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Netflix wants you to decide how your favorite TV shows and movies will end

Netflix choose your own adventure

Pulling off a satisfying ending for a series, a season, or even a single television episode can be difficult. We all have certain expectations for how the story should advance or conclude, and the writers and directors are never going to be able to please everyone. But what if you could decide how shows and movies ended instead?

According to Bloomberg, Netflix is developing shows and movies that will allow the viewer to choose how the storyline progresses. For example, in the upcoming fifth season of Black Mirror, there will be an episode where viewers will be asked to make decisions at certain points in the episode, changing the story. Black Mirror’s next season is expected to arrive in December, but Netflix has yet to nail down a specific release date.

As Bloomberg notes, Netflix has already begun experimenting with choose-your-own-adventure programming, such as last year’s Puss in Book, which tasks viewers with deciding whether or not the titular Puss in Boots should fight a god or a tree. There are a dozen or so choices like these throughout the special, perhaps offering a hint at how the streaming service will handle the feature in future interactive content not geared toward children.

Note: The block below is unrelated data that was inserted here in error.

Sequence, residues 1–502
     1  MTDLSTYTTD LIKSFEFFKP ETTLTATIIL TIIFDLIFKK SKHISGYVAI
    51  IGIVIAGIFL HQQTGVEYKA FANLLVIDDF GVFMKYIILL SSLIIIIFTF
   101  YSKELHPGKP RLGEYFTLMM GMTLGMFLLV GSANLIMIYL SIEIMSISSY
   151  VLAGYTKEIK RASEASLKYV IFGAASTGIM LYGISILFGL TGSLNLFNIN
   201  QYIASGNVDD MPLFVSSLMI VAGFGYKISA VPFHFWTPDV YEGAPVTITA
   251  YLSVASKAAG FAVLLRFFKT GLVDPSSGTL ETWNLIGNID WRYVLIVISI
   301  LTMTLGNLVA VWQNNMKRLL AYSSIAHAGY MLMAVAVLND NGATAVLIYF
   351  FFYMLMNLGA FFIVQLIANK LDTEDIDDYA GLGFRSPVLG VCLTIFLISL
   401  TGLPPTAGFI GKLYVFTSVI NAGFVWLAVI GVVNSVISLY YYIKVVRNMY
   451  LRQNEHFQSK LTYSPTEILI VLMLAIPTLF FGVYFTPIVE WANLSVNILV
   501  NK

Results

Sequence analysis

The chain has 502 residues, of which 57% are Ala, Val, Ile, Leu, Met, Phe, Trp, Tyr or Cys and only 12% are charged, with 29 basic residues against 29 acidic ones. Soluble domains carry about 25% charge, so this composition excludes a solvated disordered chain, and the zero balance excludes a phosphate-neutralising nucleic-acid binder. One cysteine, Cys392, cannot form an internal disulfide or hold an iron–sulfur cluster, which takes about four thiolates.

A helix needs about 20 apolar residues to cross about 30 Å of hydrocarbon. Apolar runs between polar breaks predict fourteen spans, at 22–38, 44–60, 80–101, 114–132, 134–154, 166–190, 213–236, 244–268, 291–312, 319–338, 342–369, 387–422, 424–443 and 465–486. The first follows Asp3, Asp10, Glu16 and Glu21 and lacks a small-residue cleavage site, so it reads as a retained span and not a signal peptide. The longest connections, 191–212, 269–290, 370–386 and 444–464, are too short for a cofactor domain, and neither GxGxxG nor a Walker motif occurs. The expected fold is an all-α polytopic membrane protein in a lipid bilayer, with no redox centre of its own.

Minecraft: Story Mode is another upcoming show that will implement interactive elements. The show is based on an adventure game from Telltale Games (which recently laid off a vast majority of its staff) in which players were faced with tough decisions about how to proceed on a treacherous journey through the world of Minecraft. The show will follow in the game’s footsteps, giving viewers the chance to decide how the story will progress.

While it’s unclear how a serious drama like Black Mirror will utilize the technology, Bloomberg says that the stories that branch off the main plot of the episode will be significantly more complex than what we’ve seen from the kids’ shows. If successful, expect to see more experiments like it in the months to come.

Jacob started covering video games and technology in college as a hobby, but it quickly became clear to him that this was what he wanted to do for a living. He currently resides in New York writing for BGR. His previously published work can be found on TechHive, VentureBeat and Game Rant.

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